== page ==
Guai Resources On This Page:
products specifically made for FMS patients on Guai
Salicylates are material made in all plants to fend off soil bacteria and pests. If the ingredient is a chemical, no matter the origin, it is okay (except for any chemical that has the word "salicylic" in it, including mentholatum and artificial wintergreen which are both methylsalicylate and beta hydroxy). If an ingredient contains two or more words, you might find them listed separately. Alternatively, if an ingredient is a single word you might find it included in a combination of words.
"Chemicals" extracted from plants are no longer considered plants because the process used to do the extraction makes them no longer "natural". If the ingredient is a "chemical" name then it no longer contains salicylates. Basically, we're trying to avoid plant parts in products, as opposed to a single ingredient extracted from a plant. Plant parts include a plant name listed by itself, with words like "leaf" or "seed", or with the words "extract" or "essense." In contrast, extractions of one chemical from a plant do not block, unless that chemical is salicylic acid. Two things happen in the extraction process: one, the chemical is purified and does not have salicylates in it; two, the chemicals they extract it with make it unnatural anyway.When you see a chemical word in combination with a plant word, it's ok. When you see numbers as part of the ingredient, it's ok.
If a product is composed entirely of chemical ingredients except forms of salicylic acid, or comes from animals other than bees, we can be sure it's not a blocker.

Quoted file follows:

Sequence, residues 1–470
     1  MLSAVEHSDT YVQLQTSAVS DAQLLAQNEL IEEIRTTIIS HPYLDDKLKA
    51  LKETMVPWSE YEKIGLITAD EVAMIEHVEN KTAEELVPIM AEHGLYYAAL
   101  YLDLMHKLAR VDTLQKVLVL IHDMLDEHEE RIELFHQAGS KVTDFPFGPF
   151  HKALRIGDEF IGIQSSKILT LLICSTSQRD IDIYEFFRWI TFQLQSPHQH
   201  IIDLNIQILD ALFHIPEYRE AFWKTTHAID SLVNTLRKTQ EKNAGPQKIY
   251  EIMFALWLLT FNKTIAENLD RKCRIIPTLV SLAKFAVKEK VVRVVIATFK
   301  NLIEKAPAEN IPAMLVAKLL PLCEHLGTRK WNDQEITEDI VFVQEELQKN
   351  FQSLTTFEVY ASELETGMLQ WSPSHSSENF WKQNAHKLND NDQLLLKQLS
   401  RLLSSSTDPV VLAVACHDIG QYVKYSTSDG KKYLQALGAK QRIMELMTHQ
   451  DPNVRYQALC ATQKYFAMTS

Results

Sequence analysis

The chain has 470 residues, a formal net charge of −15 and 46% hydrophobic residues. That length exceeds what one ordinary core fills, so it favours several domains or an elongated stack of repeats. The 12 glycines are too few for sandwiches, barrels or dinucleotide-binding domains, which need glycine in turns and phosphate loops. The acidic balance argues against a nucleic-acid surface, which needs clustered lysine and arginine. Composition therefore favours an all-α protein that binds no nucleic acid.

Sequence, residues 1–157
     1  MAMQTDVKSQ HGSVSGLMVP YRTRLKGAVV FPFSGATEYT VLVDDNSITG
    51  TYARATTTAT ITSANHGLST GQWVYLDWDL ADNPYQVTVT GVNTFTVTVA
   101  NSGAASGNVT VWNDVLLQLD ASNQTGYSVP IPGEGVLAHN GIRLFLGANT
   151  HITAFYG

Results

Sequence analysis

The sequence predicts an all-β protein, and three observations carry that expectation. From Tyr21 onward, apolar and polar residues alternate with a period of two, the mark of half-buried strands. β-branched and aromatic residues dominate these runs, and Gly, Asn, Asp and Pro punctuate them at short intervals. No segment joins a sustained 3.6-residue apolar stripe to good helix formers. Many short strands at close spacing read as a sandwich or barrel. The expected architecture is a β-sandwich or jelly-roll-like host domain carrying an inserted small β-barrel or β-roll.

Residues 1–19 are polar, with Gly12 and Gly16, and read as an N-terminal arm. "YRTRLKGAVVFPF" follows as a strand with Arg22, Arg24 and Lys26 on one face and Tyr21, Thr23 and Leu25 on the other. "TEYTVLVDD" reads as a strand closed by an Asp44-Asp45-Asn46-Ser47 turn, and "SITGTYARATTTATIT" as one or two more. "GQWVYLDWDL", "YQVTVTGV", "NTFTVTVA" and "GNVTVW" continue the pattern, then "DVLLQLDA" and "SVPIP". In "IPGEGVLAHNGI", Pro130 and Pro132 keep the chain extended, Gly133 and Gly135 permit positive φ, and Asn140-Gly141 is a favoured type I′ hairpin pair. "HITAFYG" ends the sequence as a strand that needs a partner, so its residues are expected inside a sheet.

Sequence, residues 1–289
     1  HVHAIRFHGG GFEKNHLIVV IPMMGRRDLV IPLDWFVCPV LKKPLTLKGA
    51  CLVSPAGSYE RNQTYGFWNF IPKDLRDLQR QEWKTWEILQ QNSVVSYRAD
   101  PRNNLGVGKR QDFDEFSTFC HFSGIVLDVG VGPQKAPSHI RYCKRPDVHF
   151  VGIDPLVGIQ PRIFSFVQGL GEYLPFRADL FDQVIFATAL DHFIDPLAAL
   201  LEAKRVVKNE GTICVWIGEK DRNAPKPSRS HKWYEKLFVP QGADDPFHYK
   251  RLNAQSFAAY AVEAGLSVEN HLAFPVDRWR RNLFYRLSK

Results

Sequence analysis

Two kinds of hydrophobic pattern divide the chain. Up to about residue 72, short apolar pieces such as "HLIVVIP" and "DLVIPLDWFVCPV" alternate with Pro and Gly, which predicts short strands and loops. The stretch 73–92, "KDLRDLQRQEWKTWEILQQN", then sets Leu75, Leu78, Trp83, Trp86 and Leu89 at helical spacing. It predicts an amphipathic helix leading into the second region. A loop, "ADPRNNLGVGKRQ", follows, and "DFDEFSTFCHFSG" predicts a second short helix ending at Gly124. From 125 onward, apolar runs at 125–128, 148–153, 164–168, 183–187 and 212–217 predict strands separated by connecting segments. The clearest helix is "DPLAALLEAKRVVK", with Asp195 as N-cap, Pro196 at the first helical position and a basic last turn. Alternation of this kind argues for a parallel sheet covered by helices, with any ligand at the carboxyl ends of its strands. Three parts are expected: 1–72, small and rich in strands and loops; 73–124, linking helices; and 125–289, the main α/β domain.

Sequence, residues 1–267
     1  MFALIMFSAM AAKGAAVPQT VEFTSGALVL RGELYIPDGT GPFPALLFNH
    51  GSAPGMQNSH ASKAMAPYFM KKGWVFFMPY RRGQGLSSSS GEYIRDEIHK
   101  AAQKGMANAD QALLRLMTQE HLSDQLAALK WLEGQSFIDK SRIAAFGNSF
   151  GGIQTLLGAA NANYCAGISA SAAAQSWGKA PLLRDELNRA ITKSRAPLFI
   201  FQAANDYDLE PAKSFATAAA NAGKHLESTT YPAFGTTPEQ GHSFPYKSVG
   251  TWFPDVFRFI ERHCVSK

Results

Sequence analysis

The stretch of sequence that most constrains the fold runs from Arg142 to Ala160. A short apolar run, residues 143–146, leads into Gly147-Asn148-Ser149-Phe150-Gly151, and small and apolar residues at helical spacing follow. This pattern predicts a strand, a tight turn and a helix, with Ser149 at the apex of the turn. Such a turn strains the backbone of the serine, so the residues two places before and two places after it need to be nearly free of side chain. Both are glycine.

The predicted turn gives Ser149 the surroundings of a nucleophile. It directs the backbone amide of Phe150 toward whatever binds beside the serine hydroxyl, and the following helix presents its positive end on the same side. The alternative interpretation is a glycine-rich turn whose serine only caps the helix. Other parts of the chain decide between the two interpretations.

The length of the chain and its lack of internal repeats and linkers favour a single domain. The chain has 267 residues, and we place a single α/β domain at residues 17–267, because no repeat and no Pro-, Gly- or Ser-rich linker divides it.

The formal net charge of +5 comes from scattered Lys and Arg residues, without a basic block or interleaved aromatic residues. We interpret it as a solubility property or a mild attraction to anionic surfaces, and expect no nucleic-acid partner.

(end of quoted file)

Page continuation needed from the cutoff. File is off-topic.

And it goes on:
Products made from grains (corn, wheat, barley, rye, arrowroot, buckwheat, maize, millet, oats, rice) are ok also, but only products made from the grain itself. The rest of the plant upon which the grain grows does contain salicylate. Thus while oatmeal will not block guai, wheat grass will. As some of us are more sensitive to salicylates than others, it is strongly recommended to avoid all of them until such time as you are well enough to detect a difference in reversal when using a product which may include some.
It's good practice to check ingredients every time you buy a product because manufacturers may change them without warning, turning a previously sal-free product into a sal-full one.The Sal lists exist simply to narrow the field in your shopping excursions. Please check product labels for salicylates before purchase. The absence of an ingredient from this list doesn't qualify it as a salicylate. It's not possible to list all ingredients which could be in products you use. Please do yourself a favor when starting guai and use the fewest products you can and check those thoroughly as well.
TWO CATEGORIES OF NATURAL SALICYLATES TO AVOID are: ingested from herbal medications which are potent enough to easily block guaifenesin; and topically applied products which deliver salicylates directly into the blood stream.
SALICYLATE FREE INGREDIENTS
All Synthetics are OK. When checking labels of products use the following checklist of salicylate-free ingredients: There is no blocking from preparing food - they're not concentrated enough. The only suspected problem would be with stripping rosemary from stems etc. Artificial flavors don't block (except possibly wintergreen, & mentholatum which are menthylsalicylate).
(All OK *except* those with "salicylic" as part of its name)
Alcohol (Rubbing...for topical use)
Alpha hydroxy acid
Ammonium lauryl sulfate
BHA (Butylated Hydroxy Anisole)
Buffered istonic solution
Calcium Citrate Goldline brand is okay (must check all brands)
Carnauba wax (or any product not absorbed by skin)
Chitin (OK if source is Crabs, Lobsters or Beetles)
Chlorine and Acids in swimming pools
Cinnamon (as a food)
Coco Amido Dipropyl
Coconut fatty acid
Coconut Oil fine in soap & shampoo (as it is rinsed off quickly); not
okay in other topicals, ie. skin lotion, etc.
Cornstarch (Ok eaten or topical)